Inflammatory Response Stage
The inflammatory response starts when the immune cells or white blood cells (WBCs) detect a harmful stimulus (e.g., bacteria, viruses, toxins, etc.) or an injured cell or tissue.
This detection triggers the production of cytokines and other inflammatory chemicals. These chemicals widen the blood vessels to increase blood flow and make them more porous to allow more immune cells/WBCs and plasma fluid into the inflamed tissue.
The widening or dilation of the blood vessels (or vasodilation) and the surge of fluids cause redness, heat, swelling, and even pain.
Three things happen when the plasma fluid and WBCs work on the inflamed site:
1. The plasma fluid oozes into the site and delivers antimicrobial agents, platelets, and blood clotting agents to prevent the microbes from affecting other areas and stop the bleeding (if there are any).
2. Neutrophils, a type of WBC, come in and kill off bacteria. They also release chemicals called reactive oxygen species or ROS (a buildup of which causes oxidative stress) that can quickly eliminate pathogens.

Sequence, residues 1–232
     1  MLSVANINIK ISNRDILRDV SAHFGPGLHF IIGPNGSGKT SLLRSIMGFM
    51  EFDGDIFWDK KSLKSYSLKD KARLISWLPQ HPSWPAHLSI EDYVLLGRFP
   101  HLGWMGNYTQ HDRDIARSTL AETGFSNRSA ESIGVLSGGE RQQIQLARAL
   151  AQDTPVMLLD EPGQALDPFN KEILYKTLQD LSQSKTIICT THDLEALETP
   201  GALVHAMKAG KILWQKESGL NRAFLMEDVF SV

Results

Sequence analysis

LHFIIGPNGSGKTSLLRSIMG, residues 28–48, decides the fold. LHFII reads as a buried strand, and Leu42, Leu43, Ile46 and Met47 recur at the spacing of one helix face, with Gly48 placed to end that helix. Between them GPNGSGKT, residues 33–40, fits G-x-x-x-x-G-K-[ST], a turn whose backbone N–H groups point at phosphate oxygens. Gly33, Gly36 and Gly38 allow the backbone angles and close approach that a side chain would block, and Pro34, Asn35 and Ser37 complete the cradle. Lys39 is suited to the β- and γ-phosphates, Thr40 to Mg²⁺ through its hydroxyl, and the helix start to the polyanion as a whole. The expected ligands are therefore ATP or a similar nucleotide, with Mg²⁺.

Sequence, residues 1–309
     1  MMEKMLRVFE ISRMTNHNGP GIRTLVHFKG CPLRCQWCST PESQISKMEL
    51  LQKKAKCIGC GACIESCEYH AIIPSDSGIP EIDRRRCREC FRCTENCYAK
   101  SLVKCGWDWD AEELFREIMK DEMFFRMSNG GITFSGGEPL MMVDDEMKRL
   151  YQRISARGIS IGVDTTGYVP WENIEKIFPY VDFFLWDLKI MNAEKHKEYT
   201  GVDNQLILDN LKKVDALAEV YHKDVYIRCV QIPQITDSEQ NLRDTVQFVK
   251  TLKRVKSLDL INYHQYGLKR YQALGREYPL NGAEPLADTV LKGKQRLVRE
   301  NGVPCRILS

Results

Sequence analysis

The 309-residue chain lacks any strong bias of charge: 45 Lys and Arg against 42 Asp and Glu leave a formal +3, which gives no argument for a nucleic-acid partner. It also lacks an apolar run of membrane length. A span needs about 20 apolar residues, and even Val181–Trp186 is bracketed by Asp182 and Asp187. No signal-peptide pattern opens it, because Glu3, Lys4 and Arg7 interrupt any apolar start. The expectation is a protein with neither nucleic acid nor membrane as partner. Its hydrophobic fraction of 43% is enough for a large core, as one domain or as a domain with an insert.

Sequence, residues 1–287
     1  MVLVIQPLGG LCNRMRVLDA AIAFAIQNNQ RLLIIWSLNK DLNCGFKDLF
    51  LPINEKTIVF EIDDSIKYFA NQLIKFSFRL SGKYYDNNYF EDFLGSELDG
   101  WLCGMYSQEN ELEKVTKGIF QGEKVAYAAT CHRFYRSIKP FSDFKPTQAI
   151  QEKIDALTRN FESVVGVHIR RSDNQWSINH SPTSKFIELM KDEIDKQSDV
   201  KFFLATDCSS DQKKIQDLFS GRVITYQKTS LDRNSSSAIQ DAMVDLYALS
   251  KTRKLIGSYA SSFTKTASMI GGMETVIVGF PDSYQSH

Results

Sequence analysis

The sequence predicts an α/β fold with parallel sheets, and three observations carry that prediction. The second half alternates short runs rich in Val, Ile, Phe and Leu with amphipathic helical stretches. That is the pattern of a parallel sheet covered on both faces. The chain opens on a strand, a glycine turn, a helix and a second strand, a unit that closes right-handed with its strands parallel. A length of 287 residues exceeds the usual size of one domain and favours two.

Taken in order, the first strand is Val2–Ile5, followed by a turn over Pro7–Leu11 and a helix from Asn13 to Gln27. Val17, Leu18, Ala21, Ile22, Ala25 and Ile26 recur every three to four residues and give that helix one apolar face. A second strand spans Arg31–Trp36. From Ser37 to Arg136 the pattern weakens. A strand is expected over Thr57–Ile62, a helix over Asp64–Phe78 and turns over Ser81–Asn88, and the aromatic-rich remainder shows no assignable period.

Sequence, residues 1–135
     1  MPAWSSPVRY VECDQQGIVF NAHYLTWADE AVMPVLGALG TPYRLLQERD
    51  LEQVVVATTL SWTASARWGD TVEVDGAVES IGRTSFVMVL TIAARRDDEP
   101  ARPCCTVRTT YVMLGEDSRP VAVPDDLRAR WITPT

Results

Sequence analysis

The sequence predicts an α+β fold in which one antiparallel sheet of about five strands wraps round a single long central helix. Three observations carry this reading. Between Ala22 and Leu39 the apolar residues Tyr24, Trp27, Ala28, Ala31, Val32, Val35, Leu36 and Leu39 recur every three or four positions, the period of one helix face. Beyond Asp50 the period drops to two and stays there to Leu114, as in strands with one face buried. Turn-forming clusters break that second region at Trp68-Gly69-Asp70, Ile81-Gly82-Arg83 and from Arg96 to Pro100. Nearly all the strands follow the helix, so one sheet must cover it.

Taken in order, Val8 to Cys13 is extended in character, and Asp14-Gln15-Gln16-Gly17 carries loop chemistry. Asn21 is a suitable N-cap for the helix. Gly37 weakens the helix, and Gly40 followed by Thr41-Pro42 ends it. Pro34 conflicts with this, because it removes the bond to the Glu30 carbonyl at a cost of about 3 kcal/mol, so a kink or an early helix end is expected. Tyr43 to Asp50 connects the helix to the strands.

3. Then, monocytes (another type of WBC) remove the dead pathogens, damaged cells, and dying neutrophils that fought bravely against the pathogens.
After the inflamed site is cleared, our immune cells stop the production of inflammatory cells and start the production of anti-inflammatory cells.
When you’re in the inflammatory response stage, the signs and symptoms of inflammation are pain, redness, swelling, heat, and loss of function or limited range of movements.
The treatment should reduce the pain and swelling and prevent chronic inflammation. Resting the affected area is also essential, but keep the rest of your body active.